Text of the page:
While the onset of the COVID-19 pandemic plunged the globe into an unprecedent state of immobility, a gradual reopening is beginning. The deep economic recession that has followed may spark new forms of migration and changing routes, even as it constrains other movements. What are some of the first indications as to the drivers of migration in a post-pandemic world? And is Europe geared up for dealing with a new migration wave?
For World Refugee day, the United Nations High Commissioner for Refugees (UNHCR) released its 2019 report on forced displacement. Its numbers are staggering. There are 79.5 million forcibly displaced people around the world, 45.7 million of whom are internally displaced people (IDPs), 20.4 million are refugees and 4.2 million are asylum seekers.
With the COVID-19 pandemic, the issue of forcibly displaced people has gained an additional urgency for three reasons.
Migration entered the G20 agenda only at the Antalya summit in 2015. At that time, the presence of several million Syrian refugees in Turkey and their onward migration to Central and Northern Europe were viewed as a threat to political stability in Europe and beyond. When the urgency of the 2015 situation was gone, the language on migration in subsequent G20 Summit Communiqués became weaker and weaker.
US President Donald Trump’s migration discourse has been put to a tough test, that of a global pandemic. But the “build-a-wall” rhetoric has emerged more resilient than one would have imagined. Even while the United States face a healthcare emergency, an economic crisis, and protests are sweeping across the country, Trump has managed to not put aside his focus on curbing migration; quite the contrary.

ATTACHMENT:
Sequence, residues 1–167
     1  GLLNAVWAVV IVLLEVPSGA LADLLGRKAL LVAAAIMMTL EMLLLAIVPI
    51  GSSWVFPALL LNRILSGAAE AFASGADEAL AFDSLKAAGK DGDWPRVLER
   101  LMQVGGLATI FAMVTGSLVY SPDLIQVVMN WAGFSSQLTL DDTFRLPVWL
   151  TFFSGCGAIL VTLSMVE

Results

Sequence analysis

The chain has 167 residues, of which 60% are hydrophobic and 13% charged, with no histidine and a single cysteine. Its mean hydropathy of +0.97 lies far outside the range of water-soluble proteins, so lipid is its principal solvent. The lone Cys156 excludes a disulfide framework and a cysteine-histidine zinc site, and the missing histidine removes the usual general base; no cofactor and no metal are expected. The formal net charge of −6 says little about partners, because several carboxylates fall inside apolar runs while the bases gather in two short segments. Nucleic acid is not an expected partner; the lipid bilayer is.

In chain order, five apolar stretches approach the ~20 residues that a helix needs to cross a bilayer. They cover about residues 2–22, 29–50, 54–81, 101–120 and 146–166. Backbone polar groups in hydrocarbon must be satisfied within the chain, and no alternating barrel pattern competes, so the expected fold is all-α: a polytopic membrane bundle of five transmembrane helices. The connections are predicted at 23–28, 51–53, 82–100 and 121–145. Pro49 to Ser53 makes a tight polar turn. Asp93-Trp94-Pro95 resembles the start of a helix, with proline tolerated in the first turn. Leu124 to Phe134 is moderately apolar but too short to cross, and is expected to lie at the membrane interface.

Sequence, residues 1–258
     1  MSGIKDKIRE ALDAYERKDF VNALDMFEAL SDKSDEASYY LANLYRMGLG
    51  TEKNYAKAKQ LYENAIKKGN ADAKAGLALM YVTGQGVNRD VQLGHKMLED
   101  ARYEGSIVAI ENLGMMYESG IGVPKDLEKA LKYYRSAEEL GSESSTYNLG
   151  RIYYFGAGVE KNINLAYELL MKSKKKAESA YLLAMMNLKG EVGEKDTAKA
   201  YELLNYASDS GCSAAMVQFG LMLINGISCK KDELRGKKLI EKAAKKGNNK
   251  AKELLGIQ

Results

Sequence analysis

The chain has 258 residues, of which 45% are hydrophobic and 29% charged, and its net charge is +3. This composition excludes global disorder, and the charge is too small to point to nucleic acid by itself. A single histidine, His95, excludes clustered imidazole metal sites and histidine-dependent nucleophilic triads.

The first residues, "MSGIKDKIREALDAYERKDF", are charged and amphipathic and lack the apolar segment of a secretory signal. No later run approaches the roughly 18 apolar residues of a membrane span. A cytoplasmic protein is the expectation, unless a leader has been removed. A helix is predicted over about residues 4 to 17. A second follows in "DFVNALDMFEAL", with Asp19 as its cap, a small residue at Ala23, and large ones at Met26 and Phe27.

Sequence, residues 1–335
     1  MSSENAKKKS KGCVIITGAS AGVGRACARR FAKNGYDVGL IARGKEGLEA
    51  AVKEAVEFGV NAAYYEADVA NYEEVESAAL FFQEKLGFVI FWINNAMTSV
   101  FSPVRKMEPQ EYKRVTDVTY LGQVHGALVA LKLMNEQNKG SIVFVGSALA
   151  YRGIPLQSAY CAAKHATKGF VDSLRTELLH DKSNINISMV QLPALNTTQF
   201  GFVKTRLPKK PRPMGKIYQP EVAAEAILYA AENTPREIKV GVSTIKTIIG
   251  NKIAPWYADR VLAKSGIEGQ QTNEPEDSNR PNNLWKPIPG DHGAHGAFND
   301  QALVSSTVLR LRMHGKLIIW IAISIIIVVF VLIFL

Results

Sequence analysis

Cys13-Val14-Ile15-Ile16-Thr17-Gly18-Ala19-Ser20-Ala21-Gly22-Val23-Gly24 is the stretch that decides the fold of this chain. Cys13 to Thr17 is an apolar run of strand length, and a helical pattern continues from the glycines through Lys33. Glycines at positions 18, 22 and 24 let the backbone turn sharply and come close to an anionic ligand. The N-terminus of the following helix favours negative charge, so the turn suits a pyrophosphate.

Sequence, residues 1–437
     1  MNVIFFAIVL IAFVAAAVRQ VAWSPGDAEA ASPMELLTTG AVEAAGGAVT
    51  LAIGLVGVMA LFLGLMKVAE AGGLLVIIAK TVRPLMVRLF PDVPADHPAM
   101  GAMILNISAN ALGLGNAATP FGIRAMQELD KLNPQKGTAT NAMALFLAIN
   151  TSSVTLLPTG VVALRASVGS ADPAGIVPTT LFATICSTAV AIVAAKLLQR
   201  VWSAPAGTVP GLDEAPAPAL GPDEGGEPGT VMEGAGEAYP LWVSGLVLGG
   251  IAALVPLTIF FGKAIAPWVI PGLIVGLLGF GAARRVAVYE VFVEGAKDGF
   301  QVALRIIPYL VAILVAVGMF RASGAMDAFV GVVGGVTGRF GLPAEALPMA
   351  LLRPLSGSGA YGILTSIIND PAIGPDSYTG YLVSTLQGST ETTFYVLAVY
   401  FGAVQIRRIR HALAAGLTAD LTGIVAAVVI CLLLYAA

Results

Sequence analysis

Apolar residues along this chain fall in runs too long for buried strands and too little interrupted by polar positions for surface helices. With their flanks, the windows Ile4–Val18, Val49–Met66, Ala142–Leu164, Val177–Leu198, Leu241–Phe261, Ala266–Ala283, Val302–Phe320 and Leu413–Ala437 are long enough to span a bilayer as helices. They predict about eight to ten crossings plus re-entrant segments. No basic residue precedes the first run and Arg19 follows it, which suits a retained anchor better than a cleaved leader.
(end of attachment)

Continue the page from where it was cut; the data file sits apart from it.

In West Africa, characterized by movements both within and out of the region, refugees and migrants on the move are among those particularly impacted by the COVID-19 pandemic and related mobility restrictions.
The Covid-19 pandemic has significant impacts on African economies and the mobility of African people. In a continent where internal migration represents the major part of migration flows from the continent (around 80% of immigrant stock), border closures, travel restrictions or lockdown measures taken to halt the spread of the virus had significantly impacted people movements both within countries and outside. They have also affected remittances.
Since the outset of the COVID-19 pandemic in Europe, it was clear that asylum seekers and migrants in an irregular situation would be disproportionately affected. International organisations raised the alarm that migrants’ precarious living conditions, especially in camps, reception centres, and those in detention, amplified the risks of COVID-19 outbreaks.
Irregular sea arrivals to Italy are up this year. By September 13th, Italy had recorded at least 21,011 migrant arrivals at its shores: higher than for the whole 2018 (20,629), and almost twice as high as last year. Wasn’t the COVID-19 pandemic supposed to deter irregular migration, as well as the regular kind? Think again. Along the Central Mediterranean route, two forces appear to have been at work, acting as an incentive for migrants to depart from both Libya and Tunisia. And the pandemic has had an effect, but not the one many expected.
Six months after the COVID-19 pandemic swept through Europe, migration is back on everyone’s agendas. But did it ever go away? As the European Commission prepares to present its new pact on migration and asylum over the next few weeks, this Dossier reflects on what can be learnt so far from the impact of the worst global health crisis in a century on migration flows and policies.